A Tunneled Catheter is a tube that is inserted beneath the skin of the upper chest and courses over the collar bone to enter into a large neck vein called the internal jugular vein at the base of the neck. The catheter is then positioned so the end of the catheter is in the largest vein in the chest called the superior vena cava. The Tunneled Catheter can be used to give you treatments such as chemotherapy, antibiotics, intravenous fluids or feedings. Blood samples can be drawn from the PICC line if blood testing is required. Most Tunneled Catheters have several hubs or connections on the part of the catheter outside the body so several different medications can be given at the same time through the catheter. The Tunneled catheter allows you to have your intravenous treatments without having needles frequently inserted into your veins. This may be particularly helpful if your veins are hard to find or have been hardened by previous chemotherapy treatment.
How is a Tunneled Catheter put in?
Your Tunneled Catheter will be put in by a Surgeon or Interventional Radiologist. Tunneled Catheters are typically put in using local anesthesia and relaxing or 'twilight' sedative medications. You will have a small needle put into a vein in your arm or hand and you will be given medicine to help you to relax. The doctor will inject a local anesthetic into your skin to numb a couple of small areas on your chest and neck. After this you may be aware of activity around you and may feel some pressure on your chest (or arm) during the procedure, but you should not feel any pain.
You will have one or two small incisions (cuts in your skin). The first incision will be about 1-3 cm long on your upper chest and is where tunneled catheter is placed. There will be a smaller incision at the base of the neck, just above the collarbone, which is usually less than 1--2 cm (½--1 in) long. The catheter will be tunneled under the skin from the lower chest incision to the incision above. One end of the catheter is then placed into a neck vein and the other end will exit the skin of the upper chest. The tunneled catheter is then secured in place, typically with stitches.
You may also have a chest x-ray to make sure the port is in the right place.
A small dressing may be used to cover the wounds for a day or so after the procedure. The nursing team will teach you how to look after this.
You may feel a bit sore and bruised for a few days after the port is put in. A mild painkiller such as acetaminophen will help with this.
Immediately after the port has been put in, and for a few days afterwards, check for any redness, swelling, bleeding, bruising, pain or heat around the wounds. Let your doctor know immediately if you have any of these signs as you could have an infection, which may need to be treated.
Care of your tunneled catheter
After each treatment a small amount of fluid is 'flushed' into the catheter so that it does not become blocked. The dressing will also need to be changed regularly to reduce the risk of infection.
Any time a medical device, like a tunneled catheter, passes through the skin it is possible for an infection to develop inside or around the device. Because the tunneled catheter enters into a vein it is possible for the infection to spread into the bloodstream. If the area where the tunneled catheter enters the body becomes red, swollen, tender or oozes you should tell doctor immediately. If you have a tunneled catheter and develop a fever or if you feel faint, shivery, breathless or dizzy you should tell your doctor immediately as this may be a sign of a catheter or bloodstream infection. To treat the infection you may be given antibiotics or the tunneled catheter may need to be removed.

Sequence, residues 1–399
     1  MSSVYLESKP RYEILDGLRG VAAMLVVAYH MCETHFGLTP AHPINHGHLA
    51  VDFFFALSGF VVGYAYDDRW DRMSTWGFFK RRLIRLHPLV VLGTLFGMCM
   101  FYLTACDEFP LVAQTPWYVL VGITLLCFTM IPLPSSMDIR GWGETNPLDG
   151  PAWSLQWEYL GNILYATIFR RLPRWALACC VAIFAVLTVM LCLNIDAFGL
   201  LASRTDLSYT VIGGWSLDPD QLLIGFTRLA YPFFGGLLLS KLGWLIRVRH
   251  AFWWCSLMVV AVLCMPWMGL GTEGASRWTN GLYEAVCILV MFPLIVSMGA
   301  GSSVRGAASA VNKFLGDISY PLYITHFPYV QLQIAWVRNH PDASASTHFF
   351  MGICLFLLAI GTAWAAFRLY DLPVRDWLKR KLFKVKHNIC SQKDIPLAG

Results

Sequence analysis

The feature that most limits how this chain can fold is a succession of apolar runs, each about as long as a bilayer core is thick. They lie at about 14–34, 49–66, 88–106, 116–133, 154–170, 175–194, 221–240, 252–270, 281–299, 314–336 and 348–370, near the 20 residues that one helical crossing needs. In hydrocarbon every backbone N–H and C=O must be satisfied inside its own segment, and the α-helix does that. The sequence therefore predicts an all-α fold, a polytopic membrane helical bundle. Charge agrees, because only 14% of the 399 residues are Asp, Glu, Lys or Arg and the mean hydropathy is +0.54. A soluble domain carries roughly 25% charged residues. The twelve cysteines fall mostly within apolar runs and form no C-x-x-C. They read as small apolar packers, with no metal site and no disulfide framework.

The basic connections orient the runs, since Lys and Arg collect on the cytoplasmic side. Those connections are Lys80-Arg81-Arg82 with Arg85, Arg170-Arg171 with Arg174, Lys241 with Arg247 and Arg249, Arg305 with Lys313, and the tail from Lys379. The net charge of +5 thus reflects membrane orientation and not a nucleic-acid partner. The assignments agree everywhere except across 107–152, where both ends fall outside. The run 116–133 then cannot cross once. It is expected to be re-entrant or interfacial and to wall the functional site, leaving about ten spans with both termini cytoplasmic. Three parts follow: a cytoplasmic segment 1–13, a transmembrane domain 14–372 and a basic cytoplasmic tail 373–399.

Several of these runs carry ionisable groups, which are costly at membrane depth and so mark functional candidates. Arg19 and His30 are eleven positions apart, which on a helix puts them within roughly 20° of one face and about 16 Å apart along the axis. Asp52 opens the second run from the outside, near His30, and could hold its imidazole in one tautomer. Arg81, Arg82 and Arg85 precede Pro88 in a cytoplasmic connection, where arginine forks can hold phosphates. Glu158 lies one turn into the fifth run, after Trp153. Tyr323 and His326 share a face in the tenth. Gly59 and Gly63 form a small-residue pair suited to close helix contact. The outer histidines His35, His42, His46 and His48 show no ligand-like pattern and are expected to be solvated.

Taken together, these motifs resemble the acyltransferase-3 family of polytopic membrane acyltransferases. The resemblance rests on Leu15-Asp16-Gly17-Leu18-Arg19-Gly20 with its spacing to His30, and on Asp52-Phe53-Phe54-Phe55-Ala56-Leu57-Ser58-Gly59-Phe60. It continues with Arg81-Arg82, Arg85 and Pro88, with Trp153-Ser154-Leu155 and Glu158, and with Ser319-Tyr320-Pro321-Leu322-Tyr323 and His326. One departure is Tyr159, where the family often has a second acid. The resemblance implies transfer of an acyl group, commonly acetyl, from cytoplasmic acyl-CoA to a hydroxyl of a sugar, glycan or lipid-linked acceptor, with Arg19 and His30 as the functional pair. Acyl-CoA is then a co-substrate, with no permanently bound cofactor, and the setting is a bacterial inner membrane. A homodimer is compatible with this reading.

It is possible for a clot (thrombosis) to form in or on the catheter. If enough clot forms around the tunneled catheter the vein in which the tunneled catheter was placed may become blocked or damaged. If this happens, the tunneled catheter may have to be removed. You may be given some medication to help dissolve clots in or around the catheter. Signs of a clot include swelling, tenderness or redness in the arm, neck or face on the same side of the body as the tunneled catheter line.
Damage or Inadvertent Removal of the Tunneled Catheter
Tunneled catheters are typically stitched in place to prevent accidental removal. Tunneled catheters also have a special ring or cuff of material around the catheter that promotes adherence of the catheter to the surrounding tissues that also helps prevent accidental removal. However, it is important to be careful with your tunneled catheter to make sure that it is not damaged or pulled out accidentally.
If the tunneled catheter line becomes damaged or torn contact your doctor.
If the tunneled catheter becomes accidentally removed there may be some bleeding from the site where the tunneled catheter enters the skin. To stop any bleeding sit or stand up and hold firm pressure with the palm of your hand on the chest between the place the catheter enters the skin and the collarbone for 5-10 minutes. If there is severe bleeding or the bleeding does not stop seek medical attention immediately.
If the tunneled catheter has been pulled back but has not been pulled completely out secure the catheter in place and call your doctor to arrange for replacement or repositioning.
How is the tunneled catheter removed?
Your doctor will use a local anesthetic to numb the skin where the catheter enters the skin of the chest. The catheter will be freed from the surrounding tissues and gently pulled out. The doctor or assistant will hold pressure over the upper chest and base of the neck for a few minutes to control any bleeding. A stitch or some skin glue may be applied to close the wound and a dressing will be applied. Your doctor will give you instructions on how to care for the wound until it is fully healed.